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Could Canberra become the world’s most liveable and inclusive city?

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Is Melbourne the world’s most liveable city? Or has Vienna pipped it to the post? Will Sydney take the top spot this year or is Zurich still the shining star?

Each new round of city rankings triggers debates about their merits, but they continue to attract headlines and the headspace of city leaders the world over.

Last year, after the Economist Intelligence Unit’s global liveability index ranked Melbourne and Sydney second and third, even our prime minister couldn’t resist giving the first placed Austrian capital a ribbing. “Vienna’s beaches are rubbish,” he said.

?It’s easy to laugh, but comparisons have consequences. Politicians, policymakers and global firms often draw on city performance measures to make decisions, whether that’s about the efficacy of a city policy or the best option for a new office opening.

And hidden behind these rankings is another story.

In Vienna, routinely named the world’s most liveable city, 60% of lower income households have difficulties making ends meet and a third of residents are not eligible to vote in elections that shape the future of their city because they don’t hold Austrian citizenship.

Zurich, another favourite, faces decreasing social mobility. Just 20% of Zurich’s school leavers are able to even apply for places at university and, until recently, it was difficult for even third generation migrants to obtain citizenship.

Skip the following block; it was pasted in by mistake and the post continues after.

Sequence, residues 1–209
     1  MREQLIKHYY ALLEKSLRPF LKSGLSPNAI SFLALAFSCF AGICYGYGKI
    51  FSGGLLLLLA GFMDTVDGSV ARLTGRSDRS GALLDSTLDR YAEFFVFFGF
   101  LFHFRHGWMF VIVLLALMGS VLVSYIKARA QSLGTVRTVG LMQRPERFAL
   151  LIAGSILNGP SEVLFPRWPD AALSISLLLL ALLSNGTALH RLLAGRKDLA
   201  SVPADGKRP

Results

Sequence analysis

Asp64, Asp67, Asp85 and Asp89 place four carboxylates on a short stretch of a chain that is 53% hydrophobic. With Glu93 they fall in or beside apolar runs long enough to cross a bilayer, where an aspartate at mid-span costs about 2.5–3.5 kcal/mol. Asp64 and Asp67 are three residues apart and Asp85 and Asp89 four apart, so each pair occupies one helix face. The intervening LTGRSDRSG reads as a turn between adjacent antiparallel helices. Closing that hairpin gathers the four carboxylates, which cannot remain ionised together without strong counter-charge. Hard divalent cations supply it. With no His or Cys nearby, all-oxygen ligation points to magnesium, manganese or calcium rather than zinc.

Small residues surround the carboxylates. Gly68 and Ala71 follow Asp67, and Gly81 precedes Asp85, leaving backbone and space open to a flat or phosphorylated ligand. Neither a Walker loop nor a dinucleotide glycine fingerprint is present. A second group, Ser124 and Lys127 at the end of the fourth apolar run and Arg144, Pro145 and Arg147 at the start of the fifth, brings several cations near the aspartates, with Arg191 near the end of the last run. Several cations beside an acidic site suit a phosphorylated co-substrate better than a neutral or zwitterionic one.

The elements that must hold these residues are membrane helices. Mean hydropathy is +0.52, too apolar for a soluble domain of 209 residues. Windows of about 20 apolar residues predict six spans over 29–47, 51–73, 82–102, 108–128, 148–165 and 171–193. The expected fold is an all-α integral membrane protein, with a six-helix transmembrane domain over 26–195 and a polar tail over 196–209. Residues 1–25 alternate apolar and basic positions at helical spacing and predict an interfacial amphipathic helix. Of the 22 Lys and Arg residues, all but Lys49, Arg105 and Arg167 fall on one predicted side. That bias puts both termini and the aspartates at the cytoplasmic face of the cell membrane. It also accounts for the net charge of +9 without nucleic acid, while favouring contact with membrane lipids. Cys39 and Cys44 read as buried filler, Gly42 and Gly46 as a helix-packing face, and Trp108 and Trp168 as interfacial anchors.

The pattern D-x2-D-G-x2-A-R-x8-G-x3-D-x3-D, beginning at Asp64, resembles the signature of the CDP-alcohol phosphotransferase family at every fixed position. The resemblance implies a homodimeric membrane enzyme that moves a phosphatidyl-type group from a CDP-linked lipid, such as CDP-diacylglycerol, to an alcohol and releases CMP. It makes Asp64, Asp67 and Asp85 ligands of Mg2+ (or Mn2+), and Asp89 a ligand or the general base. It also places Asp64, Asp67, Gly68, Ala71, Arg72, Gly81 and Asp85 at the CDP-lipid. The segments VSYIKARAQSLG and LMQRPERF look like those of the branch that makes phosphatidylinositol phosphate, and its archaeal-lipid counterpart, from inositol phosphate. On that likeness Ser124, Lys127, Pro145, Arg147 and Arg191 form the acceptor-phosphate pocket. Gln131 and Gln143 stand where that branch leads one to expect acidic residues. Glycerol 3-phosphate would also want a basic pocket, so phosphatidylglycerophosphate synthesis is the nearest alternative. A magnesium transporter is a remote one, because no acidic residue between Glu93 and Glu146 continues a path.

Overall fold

Closer to home, Melbourne has ranked first on the Global Liveability Index for 10 of the last 18 years. As Invest Victoria crows: “Melbourne’s liveability is a key factor in the city’s attractiveness for investors who can use the lure of living in one of the world’s most liveable cities to recruit and retain talented professionals.”

But Melbourne also boasts the fourth least affordable housing market in the world, according to the 2020 Demographia International Housing Affordability Survey. The average house now costs 9.5 times the average household income.

Homelessness in Melbourne is on the rise. In the three years to 2018, homelessness among Aboriginal and Torres Strait Islander people in Victoria grew by 22%

And consider the words of wheelchair user and Melbourne resident Stacey Christie: “One day, I’d love to not have to think about accessibility. Every building, event and public transport option in Melbourne would be wheelchair accessible and I could simply go about my day like everyone else, not having to plan my day around accessibility.”

That doesn’t sound very liveable, does it?

As Feargus O’Sullivan says in article for CityLab, liveability rankings assesses a city’s potential “from a privileged point of view: that of a straight, affluent, mobile, and probably white couple who works in something akin to upper management and has children”.

But what does all this have to with Canberra?